2000 Dui Duari Yes Yes
2003 Chandrokotha Yes Yes
2004 Shyamol Chhaya Yes Yes
2006 Duratto Yes
2006 Nondito Noroke Yes
2006 Nirontor Yes
2006 Noy Number Bipod Sanket Yes Yes
2007 Daruchini Dip Yes
2007 Saaj Ghor Yes
2008 Amar Ache Jol Yes Yes
2009 Priotomeshu Yes
2012 Ghetuputra Kamola Yes Yes


Bibliography[edit]

In Bengali
  • 1971
  • Aaj Ami kothao Jabo Naa [22]
  • Aaj Chitrar Biye
  • Aaj Dupure Tomar Nimantron
  • Aaj Dupurey Tomaar Nimontron
  • Aaj Himur Biye
  • Achinpur
  • Adbhut Sob Golpo
  • Ahok
  • Akash Jora Megh
  • Amar Ache Jol
  • Amar Chelebela
  • Amar Priyo Voutic Golpo_Part 1
  • Amar Priyo Voutic Golpo_Part 2
  • Amar Priyo Voutic Golpo_Part 3
  • Ami Abong Koakti Projapoti
  • Ami Ebong Amra
  • Ami-ee Misir Ali
  • Andhokarer Gaan
  • Angul Kata Jaglu
  • Anonto Nakhotro Bithi
  • Anyodin
  • Aporahnyo
  • Ashabori
  • Asmanira Tin Bon_Part 1
  • Asmanira Tin Bon_Part 2
  • Asmanira Tin Bon_Part 3
  • Ayna Ghor
  • Ayomoy_Part 1
  • Ayomoy_Part 2
  • Badol diner ditiyo kadam ful
  • Baghbondi Misir Ali
  • Ballpoint
  • Basor
  • Bhoy
  • Bipod
  • Bohubrihi
  • Botol Vut
  • Brihonnola
  • Brishti Bilash
  • Bristi O Meghomala_Part 1
  • Bristi O Meghomala_Part 2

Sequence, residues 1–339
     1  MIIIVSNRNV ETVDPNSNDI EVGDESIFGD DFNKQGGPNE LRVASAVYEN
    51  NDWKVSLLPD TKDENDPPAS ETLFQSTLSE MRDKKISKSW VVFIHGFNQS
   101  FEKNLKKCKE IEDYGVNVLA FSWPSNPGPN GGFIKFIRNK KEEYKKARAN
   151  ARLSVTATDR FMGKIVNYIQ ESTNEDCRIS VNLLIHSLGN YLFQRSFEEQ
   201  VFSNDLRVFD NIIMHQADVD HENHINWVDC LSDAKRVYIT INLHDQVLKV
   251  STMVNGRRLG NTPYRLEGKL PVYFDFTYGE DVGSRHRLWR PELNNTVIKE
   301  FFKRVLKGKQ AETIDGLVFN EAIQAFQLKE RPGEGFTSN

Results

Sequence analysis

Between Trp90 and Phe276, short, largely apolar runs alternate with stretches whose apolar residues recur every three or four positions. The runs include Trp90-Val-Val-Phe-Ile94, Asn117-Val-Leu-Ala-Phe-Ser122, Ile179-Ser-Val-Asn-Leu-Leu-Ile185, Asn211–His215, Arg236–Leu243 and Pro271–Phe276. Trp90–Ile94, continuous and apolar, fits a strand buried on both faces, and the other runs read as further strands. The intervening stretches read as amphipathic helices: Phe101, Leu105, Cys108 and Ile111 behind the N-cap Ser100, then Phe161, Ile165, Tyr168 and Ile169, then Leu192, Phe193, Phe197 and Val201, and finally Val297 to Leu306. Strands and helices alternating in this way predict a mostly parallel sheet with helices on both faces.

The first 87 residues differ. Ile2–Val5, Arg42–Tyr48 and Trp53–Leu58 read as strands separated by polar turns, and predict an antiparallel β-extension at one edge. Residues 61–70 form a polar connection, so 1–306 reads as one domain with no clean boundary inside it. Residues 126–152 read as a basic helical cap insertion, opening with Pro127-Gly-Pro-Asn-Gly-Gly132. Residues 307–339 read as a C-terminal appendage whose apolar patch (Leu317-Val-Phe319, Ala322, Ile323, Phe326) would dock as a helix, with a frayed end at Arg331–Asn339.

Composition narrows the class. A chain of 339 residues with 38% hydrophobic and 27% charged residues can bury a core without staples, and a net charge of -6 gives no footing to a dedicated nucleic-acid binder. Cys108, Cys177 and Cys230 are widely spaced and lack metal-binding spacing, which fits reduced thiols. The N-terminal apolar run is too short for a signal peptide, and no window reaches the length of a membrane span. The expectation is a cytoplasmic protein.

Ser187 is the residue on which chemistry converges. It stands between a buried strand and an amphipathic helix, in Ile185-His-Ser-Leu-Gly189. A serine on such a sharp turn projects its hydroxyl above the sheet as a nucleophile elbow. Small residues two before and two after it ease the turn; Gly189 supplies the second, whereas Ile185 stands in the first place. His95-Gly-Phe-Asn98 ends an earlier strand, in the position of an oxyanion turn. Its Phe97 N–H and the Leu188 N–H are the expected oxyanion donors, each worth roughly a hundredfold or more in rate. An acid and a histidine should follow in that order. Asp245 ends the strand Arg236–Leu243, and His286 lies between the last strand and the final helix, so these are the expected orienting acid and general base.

• Chander Aloy Koekjon Jubok
  • Chayabithi
  • Cheleta
  • Chokkhe Amar Trishna
  • Chole Jay Bosonter Din
  • Choto golpo
  • Daruchinir Dip
  • Debi
  • Dekha Na Dekha
  • Dighir Jole Kaar Chayago
  • Ditiyo Manob
  • Doiroth
  • Dorjar Opashe
  • Dui Duari
  • Deyal
  • Ebong Hemu
  • Ei Ami_Part 1
  • Ei Ami_Part 2
  • Ei Megh Roudro Chaya
  • Ei Shubro Ei!
  • Eki Kando!
  • Ekjon Himu Koekti Jhin Jhin Poka
  • Ekjon mayaboti
  • Elebele
  • Ele-Bele.1
  • Ele-Bele.2
  • Ema
  • Epitaph
  • Fiiha Somikoron
  • Fountainpen
  • Gouripur Jongshon
  • Grihotyagi Josna
  • Hartan Ishkapon
  • Himu
  • Himu Mama
  • Himu Remand-E
  • Himur Ditiyo Prohor
  • Himur Ekanto Sakkhatkar
  • Himur Hate Koekti Nilpodmo
  • Himur Madhyadupur
  • Himur Rupali Ratri
  • Holud Himu Kalo Rab
  • Humayun Ahmed-er Premer Golpo
  • Ireena
  • Ishtishon
  • Jalil Shaheber Petition
  • Jibonkrishno Memorial High School
  • Jochna_O_Jononir_Golpo[Part.1]
  • Jochna_O_Jononir_Golpo[Part.2]
  • Jochna_O_Jononir_Golpo[Part.3]